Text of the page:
Ingredients to look for in protein shakes
Protein powders like whey provide high amino acid concentrations. Studies show that proteins with all nine essential amino acids, especially the three branched-chain amino acids, maximize muscle protein synthesis best.
Whey protein is a great option, but plant-based proteins are a fantastic alternative for those who can’t digest the milk proteins found in whey.
Casein protein, another milk protein, is a slow-release protein that provides sustained amino acids to rebuild muscles over time.
Some plant-based proteins may lack vital amino acids, making them “incomplete.”
However, blended plant-based proteins draw from different sources to create a complete protein, maximizing muscle protein synthesis better than single-source options.
Hemp protein is a superfood for building muscle due to its essential fatty acids. It’s also vegan and hypoallergenic, making it easier to digest.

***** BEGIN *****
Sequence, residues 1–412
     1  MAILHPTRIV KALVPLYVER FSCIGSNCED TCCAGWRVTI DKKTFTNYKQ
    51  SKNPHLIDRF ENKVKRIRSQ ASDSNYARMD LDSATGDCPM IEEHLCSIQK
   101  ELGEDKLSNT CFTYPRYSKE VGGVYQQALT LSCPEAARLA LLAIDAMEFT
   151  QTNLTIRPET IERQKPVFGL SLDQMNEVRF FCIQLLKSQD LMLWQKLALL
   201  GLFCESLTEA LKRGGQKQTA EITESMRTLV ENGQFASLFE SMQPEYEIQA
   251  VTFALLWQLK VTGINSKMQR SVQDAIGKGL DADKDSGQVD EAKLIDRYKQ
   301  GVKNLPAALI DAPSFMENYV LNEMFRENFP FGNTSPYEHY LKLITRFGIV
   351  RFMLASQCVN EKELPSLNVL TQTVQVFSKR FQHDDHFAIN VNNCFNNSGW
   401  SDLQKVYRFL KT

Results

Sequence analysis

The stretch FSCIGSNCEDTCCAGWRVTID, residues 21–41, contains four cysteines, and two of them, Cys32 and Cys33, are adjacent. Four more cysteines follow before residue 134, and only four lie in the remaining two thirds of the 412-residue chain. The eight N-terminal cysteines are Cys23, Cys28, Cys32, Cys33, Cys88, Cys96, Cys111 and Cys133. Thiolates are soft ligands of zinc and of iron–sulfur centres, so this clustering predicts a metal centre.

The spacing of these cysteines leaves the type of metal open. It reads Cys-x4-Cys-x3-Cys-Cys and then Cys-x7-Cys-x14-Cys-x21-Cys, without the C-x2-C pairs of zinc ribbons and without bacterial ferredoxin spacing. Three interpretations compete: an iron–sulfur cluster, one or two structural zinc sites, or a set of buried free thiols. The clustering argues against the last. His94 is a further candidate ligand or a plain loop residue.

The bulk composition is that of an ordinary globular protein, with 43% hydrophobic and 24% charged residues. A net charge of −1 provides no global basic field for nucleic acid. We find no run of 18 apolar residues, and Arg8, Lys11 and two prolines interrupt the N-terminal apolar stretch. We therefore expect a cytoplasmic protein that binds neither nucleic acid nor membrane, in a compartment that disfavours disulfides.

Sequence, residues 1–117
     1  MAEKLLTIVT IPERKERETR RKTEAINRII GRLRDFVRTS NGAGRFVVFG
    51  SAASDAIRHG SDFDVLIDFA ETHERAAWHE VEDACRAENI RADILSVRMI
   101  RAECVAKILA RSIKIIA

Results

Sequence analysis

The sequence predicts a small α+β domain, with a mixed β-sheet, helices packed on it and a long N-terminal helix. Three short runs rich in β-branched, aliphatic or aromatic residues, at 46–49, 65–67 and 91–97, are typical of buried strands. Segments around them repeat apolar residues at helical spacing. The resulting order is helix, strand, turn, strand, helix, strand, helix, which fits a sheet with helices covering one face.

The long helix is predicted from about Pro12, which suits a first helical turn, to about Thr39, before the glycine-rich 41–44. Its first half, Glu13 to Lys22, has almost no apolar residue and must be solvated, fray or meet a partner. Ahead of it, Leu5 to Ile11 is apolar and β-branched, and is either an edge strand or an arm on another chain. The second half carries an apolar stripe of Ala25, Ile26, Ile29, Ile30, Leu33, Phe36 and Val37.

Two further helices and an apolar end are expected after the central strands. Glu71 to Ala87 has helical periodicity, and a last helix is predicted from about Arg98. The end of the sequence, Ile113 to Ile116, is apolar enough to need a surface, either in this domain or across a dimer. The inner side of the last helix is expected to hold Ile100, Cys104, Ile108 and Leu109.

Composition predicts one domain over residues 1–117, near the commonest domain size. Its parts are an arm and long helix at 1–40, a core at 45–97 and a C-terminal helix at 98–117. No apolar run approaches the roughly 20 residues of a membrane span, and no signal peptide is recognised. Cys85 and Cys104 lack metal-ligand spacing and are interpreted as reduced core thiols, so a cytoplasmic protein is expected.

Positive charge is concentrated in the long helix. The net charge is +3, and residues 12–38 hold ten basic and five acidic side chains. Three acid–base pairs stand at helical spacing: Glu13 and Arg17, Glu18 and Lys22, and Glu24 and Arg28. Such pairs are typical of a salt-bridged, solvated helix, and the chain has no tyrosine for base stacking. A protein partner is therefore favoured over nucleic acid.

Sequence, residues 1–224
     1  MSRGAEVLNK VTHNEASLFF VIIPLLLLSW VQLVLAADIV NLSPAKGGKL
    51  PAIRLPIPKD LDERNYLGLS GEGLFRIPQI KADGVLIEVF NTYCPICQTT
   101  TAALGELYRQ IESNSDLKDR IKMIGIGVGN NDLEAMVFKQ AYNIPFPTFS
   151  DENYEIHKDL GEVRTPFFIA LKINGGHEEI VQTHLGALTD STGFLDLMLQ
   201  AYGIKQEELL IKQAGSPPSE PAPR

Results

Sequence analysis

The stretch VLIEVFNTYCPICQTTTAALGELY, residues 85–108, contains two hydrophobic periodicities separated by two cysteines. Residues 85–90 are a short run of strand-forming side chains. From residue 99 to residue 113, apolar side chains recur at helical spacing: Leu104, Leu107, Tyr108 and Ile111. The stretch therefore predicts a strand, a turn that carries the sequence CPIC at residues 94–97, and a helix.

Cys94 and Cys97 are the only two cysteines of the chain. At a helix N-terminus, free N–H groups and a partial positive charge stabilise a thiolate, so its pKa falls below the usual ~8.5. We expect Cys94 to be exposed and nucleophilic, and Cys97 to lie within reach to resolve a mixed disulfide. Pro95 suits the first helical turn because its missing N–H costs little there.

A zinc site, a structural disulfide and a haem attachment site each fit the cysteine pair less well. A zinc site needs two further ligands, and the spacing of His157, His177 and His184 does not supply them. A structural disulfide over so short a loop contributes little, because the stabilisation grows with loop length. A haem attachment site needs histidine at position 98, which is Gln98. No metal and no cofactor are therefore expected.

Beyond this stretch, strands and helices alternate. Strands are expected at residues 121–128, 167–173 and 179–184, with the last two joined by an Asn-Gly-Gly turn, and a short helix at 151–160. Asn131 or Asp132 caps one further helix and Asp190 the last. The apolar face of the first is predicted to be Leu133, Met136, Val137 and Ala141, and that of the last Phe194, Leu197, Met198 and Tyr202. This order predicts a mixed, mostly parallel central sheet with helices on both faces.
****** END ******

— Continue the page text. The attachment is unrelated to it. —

Omega-3 supplements, like fish oil, help reduce inflammation and minimize post-exercise soreness.
Creatine is another ingredient to look out for, as it helps speed recovery and replenish lost creatine stores while hydrating muscle cells. Plus, there’s evidence that suggests it’s beneficial for neurological health.
Ingredients to avoid in protein shakes
Let’s discuss what to avoid in protein shakes to ensure you get the best product for your health goals.
If you’re among the many people who experience gluten-related health issues, knowing that your protein powder could contribute to the problem is essential.
Gluten causes inflammation and various health issues, from headaches to mood changes, exhaustion, and skin conditions for people with sensitivities. Choosing a gluten-free protein powder is crucial if you’re sensitive to gluten.
Some protein powders add artificial sweeteners like sucralose, aspartame, and saccharin to make them taste better.
It is vital to note that sugar substitutes may cause adverse reactions in specific individuals. Some potential side effects include migraines, stomach pain, anxiety, and weight gain. If you’re sensitive to artificial sweeteners, look for a protein powder that uses natural sweeteners like stevia or monk fruit.